Edict: Order.


Ministers: High government officials.


Calamities: Great misfortunes.


Memorial: A written record.

An unclassed graduate

An unclassed graduate: Someone who is not formally educated.


Simples: Plants valued for their healing qualities.


Venerable: Distinguished.


Obeisance: Bow.


Benefactor: Someone who gives something.

To reduce its precepts to practice

To reduce its precepts to practice: To turn its guidelines into a plan of action.


Mystic: Someone who studies spiritual knowledge that is beyond everyday experience.


Pestilence: Disease.


Whereupon: At which point.

Charmed remedies

Charmed remedies: In other words, magic potions.


Disciples: Followers of a religious leader.

Initiated into

Initiated into: Revealed or explained something formerly secret.


Abroad: In this context, abroad means "to different places."


Formulas: Magic spells.


Circuits: Organizations.

The death of the blue heaven and the setting up of the golden one

The death of the blue heaven and the setting up of the golden one: In other words, the end of one era in Chinese history, and the beginning of another.

Zhang Jue began to organize his disciples. He established thirty-sixcircuits, the larger with ten thousand or more members, the smaller with about half that number. Each circuit had its chief who took the military title of General. They talked wildly ofthe death of the blue heaven and the setting up of the golden one; they said anewcycle was beginning and would bring universal good fortune to all members; and they persuaded people to chalk the symbols for the first year of the new cycle on the main door of their dwellings.

With the growth of the number of his supporters grew also the ambition of Zhang Jue. The Wise and Worthy Master dreamed of empire. One of hispartisans … was sent bearing gifts to gain the support of the eunuchs within the Palace. To his brothers Zhang Jue said, "For schemes like ours always the most difficult part is to gain the popular favor. But that is already ours. Such an opportunity must not pass."

And they began to prepare….


Cycle: Age or era.


Partisans: Supporters.

What happened next …

Zhang Jue led the revolt of the Yellow Turbans, so named because he and his followers wore headdresses of gold—a color reserved for the Chinese emperor. The revolt broke out in 184, and spread throughout China. In 189 a military leader named Ts'ao Ts'ao (DZOW-dzow; c. 150–230) suppressed the uprising. Ts'ao Ts'ao became the effective ruler of the Han dynasty, and in 220 he established a new dynasty called Wei (WAY).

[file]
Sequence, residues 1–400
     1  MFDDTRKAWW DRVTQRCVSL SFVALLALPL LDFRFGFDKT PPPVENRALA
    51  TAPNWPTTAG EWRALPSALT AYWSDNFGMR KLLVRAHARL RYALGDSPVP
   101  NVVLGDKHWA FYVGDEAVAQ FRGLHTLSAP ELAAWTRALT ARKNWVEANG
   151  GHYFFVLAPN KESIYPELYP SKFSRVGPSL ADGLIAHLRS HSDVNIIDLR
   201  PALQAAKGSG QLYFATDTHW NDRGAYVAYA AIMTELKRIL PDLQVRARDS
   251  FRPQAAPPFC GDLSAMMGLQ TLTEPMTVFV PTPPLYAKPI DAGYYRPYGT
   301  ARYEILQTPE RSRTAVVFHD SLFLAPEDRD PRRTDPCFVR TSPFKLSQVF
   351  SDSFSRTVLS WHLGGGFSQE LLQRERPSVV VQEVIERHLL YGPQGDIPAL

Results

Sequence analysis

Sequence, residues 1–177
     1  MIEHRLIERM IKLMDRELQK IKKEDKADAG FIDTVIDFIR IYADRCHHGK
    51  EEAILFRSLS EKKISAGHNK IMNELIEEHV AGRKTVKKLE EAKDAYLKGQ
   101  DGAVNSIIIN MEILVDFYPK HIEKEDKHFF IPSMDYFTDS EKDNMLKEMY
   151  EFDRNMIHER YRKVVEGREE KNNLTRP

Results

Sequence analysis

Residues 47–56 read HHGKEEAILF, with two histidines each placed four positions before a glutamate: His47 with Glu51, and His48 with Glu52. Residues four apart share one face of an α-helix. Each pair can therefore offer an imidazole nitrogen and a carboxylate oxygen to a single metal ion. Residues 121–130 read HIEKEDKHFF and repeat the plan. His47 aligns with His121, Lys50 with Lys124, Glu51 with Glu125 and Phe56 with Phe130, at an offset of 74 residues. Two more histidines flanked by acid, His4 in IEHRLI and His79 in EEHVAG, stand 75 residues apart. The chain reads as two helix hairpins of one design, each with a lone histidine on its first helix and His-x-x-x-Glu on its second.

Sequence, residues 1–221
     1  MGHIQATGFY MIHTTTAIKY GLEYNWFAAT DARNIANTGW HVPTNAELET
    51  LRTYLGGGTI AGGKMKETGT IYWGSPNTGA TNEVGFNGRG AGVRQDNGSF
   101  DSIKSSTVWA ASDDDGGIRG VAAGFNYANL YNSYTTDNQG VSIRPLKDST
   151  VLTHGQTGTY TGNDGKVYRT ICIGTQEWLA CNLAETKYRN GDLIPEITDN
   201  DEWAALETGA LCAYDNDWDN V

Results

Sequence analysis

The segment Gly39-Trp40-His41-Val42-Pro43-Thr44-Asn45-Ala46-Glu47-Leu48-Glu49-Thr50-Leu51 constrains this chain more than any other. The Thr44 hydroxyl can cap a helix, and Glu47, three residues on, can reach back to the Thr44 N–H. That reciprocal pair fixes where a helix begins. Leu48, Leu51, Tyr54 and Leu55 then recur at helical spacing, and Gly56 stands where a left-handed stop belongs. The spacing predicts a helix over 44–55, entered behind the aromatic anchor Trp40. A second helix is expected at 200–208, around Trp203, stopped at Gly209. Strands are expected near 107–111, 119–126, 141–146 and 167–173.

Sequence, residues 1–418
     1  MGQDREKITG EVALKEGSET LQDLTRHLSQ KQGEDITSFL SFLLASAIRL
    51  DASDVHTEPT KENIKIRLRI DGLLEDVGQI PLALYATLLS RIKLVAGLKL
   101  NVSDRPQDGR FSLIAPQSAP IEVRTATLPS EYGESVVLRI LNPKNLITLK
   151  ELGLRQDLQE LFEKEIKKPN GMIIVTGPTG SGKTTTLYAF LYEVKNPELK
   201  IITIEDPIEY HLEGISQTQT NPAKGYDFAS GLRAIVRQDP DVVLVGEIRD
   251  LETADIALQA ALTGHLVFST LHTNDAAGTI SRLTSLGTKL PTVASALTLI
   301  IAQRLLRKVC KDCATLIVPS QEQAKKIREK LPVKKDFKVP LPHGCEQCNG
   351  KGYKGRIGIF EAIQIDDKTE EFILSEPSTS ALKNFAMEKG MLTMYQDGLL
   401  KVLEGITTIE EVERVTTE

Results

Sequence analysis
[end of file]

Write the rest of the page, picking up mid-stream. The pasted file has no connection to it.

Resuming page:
The years from 221 to 265 became known as the time of the Three Kingdoms. The Wei dynasty ruled in the north, in areas once controlled by the Han dynasty; to the south was the kingdom of Wu, ruled by the Sun dynasty; and to the west was the third kingdom, Shu. This period might be compared to the Civil War in America (1861–65): both events represented painful times in the history of their respective nations, and they would be remembered with a great deal of emotion. In America, novels such as The Red Badge of Courage (1895) by Stephen Crane and Gone with the Wind (1936) by Margaret Mitchell would keep the Civil War's memory alive, and Mitchell at least—like Lo Kuan-chung before her—portrayed the war as a romantic struggle. Crane and Mitchell, however, were depicting events of the recent past, whereas Lo Kuan-chung was writing about something that had happened a thousand years before his lifetime.

It is understandable why Lo Kuan-chung would have wanted to portray the Three Kingdoms era in glowing terms. Despite the problems caused by the near-constant warfare of the period, the era also saw great advances in Chinese learning and culture. Taoism and Buddhism took hold as new religions in the country; Chinese doctors made significant progress in the study of medicine; and during this time, kites, coal as a means of heat, and encyclopedias all made their first appearance in China. Stability returned in 581, as Yang Chien (YAHNG jee-AHN; ruled 581–604) seized the throne in one of the many small states that controlled China during the period; after eight years spent consolidating his power, he took the imperial throne and founded the Sui dynasty.

Did you know …

  • The American writer Pearl Buck (1892–1973), who lived in China for many years, translated the Romance of the Three Kingdoms as All Men Are Brothers (1933). She also translated Story of the Water Margin.
  • Mao Zedong (MOW zhay-DAWNG, 1893–1976), China's most important leader during the twentieth century, was an avid reader of medieval Chinese romances during his boyhood. Among his favorite books were Romance of the Three Kingdoms and Story of the Water Margin.

For More Information


Lo Kuan-chung. San kuo, or Romance of the Three Kingdoms. Translated by C. H. Brewitt-Taylor. Shanghai: Kelly & Walsh, 1925.

Schafer, Edward H. Ancient China. New York: Time-Life Books, 1967.

Web Sites

Bu-Ching's Three Kingdoms. [Online] Available (last accessed July 28, 2000).

"Romance of the Three Kingdoms Home Page." [Online] Available (last accessed July 28, 2000). [Online] Available (last accessed July 28, 2000).